Smith Wins Nationals
(1974 PPA National Championship)
Carano Takes Amateur Division
By Howard Ward
6-7 July 1974 - Columbus, OH (PPA Course) - Robert Smith isn't
exactly a legend on the Professional Putters Association Tour yet. It's
hard to be a legend when you're 21 years old. But the Texan has already
put his name among the elite.
Smith became only the second man in the 15-year history of the PPA to
win the National Putting Championship twice when he accomplished that
feat in Columbus, Ohio on July 6-7, 1974. Smith did it in impressive
fashion, coming from behind on the final day and withstanding tremendous
pressure applied by veteran
When it was over, Smith had trimmed 83 strokes from par with a score
of 205 for 144 holes and was holding a check for $2,000 presented by
television star James Drury. But the most impressive thing was the way
the young pro managed to keep his poise under fire.
A field of 138 pros started the long grind on Friday over the
magnificent new PPA course in Columbus, Ohio and Smith was not listed
among the pre-tourney favorites. A slight which may have proved an added
Randall, the 34-year old driver's education teacher from Chattanooga,
Tennessee, who formerly held the distinction of being the only man to
win the National Championship twice (1967
and 1969) started as hot
as the blazing Ohio sun, acing the first eight holes on Friday and
serving notice that he was going to be tough. With rounds of 21-23-25-29
for a first day total of 98, Randall was sitting in the driver's seat at
the end of the first day at 46 under par.
Lurking in the background, however, still virtually unnoticed was
Smith. With Randall getting all the raves, Smith was busy fashioning
rounds of 24-24-26-25 for a 45-under par to stand only one shot off the
The nearest man to this streaking twosome was Ray Browning, an Ohio
native from Euclid, who was four shots back at 102. So the stage was set
Saturday for a two-man duel to the finish.
There was much speculation Friday night as to which putter would bear
up better under the final-round pressure. Some thought the seasoned
Randall held the edge because of his experience. other felt youth would
prevail for Smith, who had never been known to display any nerves
regardless of the situation.
The scene was tense as the pair teed off for the final 72 holes.
Smith was playing one group ahead of Randall, in the last threesome, and
each was very much aware of what he had to do to keep pace.
"There was pressure," Smith admitted later, "but I was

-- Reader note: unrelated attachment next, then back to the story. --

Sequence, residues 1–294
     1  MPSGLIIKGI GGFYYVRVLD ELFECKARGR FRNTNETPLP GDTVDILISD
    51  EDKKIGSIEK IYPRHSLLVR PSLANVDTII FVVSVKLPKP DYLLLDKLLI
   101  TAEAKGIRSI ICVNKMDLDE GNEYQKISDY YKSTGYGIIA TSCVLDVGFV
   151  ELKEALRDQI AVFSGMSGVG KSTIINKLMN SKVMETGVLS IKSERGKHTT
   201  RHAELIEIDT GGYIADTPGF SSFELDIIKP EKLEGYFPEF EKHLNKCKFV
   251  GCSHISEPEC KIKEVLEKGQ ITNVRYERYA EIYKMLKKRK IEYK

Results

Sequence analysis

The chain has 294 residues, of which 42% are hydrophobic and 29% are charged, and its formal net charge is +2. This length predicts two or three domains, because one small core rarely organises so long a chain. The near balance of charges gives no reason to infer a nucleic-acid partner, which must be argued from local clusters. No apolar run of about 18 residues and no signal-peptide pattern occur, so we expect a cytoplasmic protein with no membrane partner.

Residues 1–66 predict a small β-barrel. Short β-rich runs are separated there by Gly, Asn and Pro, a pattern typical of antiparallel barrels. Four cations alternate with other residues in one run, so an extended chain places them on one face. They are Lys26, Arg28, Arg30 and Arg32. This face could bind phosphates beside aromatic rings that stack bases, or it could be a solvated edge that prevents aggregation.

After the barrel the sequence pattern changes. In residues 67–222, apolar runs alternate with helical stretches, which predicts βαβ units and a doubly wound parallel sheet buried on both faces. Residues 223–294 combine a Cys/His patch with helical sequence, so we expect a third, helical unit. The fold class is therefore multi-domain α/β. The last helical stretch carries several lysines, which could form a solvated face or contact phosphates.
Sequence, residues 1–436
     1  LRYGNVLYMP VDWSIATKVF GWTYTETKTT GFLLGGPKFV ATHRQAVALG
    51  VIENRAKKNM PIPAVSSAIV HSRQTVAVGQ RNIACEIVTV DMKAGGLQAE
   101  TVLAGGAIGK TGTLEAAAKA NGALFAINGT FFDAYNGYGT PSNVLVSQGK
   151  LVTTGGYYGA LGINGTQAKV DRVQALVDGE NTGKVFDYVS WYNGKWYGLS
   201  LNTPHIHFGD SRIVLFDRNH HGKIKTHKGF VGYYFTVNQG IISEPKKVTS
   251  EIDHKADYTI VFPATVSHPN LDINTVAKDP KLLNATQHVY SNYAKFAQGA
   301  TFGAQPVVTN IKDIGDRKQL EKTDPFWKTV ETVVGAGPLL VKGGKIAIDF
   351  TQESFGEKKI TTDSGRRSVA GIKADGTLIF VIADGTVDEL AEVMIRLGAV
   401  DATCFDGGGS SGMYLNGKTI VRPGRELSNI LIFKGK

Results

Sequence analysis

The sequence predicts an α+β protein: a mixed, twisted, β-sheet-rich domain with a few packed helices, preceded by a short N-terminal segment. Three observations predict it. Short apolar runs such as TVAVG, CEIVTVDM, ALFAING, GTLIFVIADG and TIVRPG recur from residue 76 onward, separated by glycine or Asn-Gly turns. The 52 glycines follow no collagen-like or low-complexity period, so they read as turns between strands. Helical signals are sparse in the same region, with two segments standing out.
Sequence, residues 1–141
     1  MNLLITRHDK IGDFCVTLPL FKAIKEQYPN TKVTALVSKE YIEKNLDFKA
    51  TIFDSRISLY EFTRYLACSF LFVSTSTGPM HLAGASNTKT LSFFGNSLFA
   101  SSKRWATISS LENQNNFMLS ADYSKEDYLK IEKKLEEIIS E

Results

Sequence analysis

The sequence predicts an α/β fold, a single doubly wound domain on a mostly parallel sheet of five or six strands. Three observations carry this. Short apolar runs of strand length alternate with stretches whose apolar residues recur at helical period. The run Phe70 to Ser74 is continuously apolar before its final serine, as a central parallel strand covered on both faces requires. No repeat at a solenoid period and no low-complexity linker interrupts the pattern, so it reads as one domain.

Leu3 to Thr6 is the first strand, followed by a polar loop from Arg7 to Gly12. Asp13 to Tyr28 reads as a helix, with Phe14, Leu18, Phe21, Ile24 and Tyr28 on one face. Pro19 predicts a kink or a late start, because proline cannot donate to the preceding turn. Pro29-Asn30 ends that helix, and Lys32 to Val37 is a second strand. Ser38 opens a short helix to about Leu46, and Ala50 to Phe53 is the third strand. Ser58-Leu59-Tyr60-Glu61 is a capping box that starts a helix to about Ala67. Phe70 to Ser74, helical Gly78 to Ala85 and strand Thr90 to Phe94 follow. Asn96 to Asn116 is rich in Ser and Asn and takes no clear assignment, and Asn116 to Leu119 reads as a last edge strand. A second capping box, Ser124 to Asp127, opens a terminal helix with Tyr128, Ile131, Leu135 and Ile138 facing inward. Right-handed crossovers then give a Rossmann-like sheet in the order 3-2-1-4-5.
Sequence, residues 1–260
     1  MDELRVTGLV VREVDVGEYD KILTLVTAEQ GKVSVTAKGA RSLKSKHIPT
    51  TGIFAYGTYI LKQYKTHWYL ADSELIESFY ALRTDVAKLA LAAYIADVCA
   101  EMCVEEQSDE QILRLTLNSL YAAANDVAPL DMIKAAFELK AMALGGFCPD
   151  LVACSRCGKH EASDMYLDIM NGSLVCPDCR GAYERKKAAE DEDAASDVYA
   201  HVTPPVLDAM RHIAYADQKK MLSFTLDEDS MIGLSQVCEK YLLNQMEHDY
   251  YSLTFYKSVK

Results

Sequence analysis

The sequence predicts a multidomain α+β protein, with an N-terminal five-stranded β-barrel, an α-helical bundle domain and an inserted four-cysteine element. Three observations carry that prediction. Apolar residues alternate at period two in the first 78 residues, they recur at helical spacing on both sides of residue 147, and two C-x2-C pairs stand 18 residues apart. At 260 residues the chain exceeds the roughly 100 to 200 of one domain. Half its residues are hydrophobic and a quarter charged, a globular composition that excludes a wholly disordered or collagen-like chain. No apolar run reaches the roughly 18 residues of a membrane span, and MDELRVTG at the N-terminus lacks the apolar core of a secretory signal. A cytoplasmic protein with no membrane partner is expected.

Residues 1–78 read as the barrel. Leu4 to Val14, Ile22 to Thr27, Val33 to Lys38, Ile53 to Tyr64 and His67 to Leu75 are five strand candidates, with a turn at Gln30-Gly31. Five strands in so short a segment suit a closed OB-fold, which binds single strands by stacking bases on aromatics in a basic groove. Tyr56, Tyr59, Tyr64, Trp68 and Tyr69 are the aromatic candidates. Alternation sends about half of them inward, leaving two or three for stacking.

glad I was playing ahead of Vance because I was putting well and once I
get ahead, the pressure was on him to keep up with me."
Smith took the lead for the first time in the tournament on the sixth
hole of the second round Saturday and never faltered for the last 48,
drilling the ball like a precision machine as Randall, hoping for a
mistake to take advantage of, never got one.
That second round proved the difference as Smith, who won his first
National title in 1972 in
Winston-Salem, NC carded a 26 with Randall turning in a 28. That
put Smith two shots ahead going into the final 36 holes and that's where
At the end, Randall was forced to ace the final to gain sole
possession of second place and the check for $1,250, with a score of
207, 81 under par. A late charge by Steve McPherson of Dallas earned
third place at 208 and $1,000.
Browning faltered during the final holes, but managed to claim a
share of fourth place at 214 with three other pros, Gary Love of
Cleveland, Jeff Jeskin of New Orleans and Tony Cross of Louisville,
Daryl Freeman, the
defending 1973 National Champion
who set a record of 95-under par in Tulsa, Oklahoma last August,
finished far back at 217. Mike Baldoza, the Ft. Worth, Texas teenager
who earned $50,000 as World Putting Champion last summer, was at 219.
Smith, savoring his victory in the PPA's most prestigious event,
admitted it was especially sweet the second time around. "This is
really an honor," he said. "I was thrilled the first time I
won the National. But winning it again is something else."
Although always a threat in any tournament, Smith wasn't to high on
his chances earlier this week. "I wasn't playing too well when I
got here," he explained, "but I put in a lot of hard hours
practicing and they paid off."
Smith slipped to a 29 on the last 18 holes, but Randall could only
match that, failing to make up any ground and being three shots down
with one hole to play. Still, Smith denied that he was being
"I wasn't playing it safe," he declared. "I was going
for everything. But the pressure was rough and the course we finished on
was tough. A 29 isn't really a bad score on that course."
Randall agreed with that statement. "Course 3 did me in,"
he said. "I had trouble with it both days. I came into it two shots
down and figured if I could shoot 10-under par, I could win. It turned
out that's exactly what I needed, but I gave it all I had. I guess I
shouldn't feel too bad finishing second, but I really wanted to win. So
many people were pulling for me."
In the amateur division, Mike Carano of Youngstown, Ohio fired a
blistering 102 on the final day to come from far off the pace and
overtake first-day leader Quincy Scarborough of Fayetteville, North
Carolina. Carano who finished regulation play in a dead heat with
another competitor, David McCollister of Baton Rouge, Louisiana, at 217,
won the title in an 18-hole playoff, 22-27.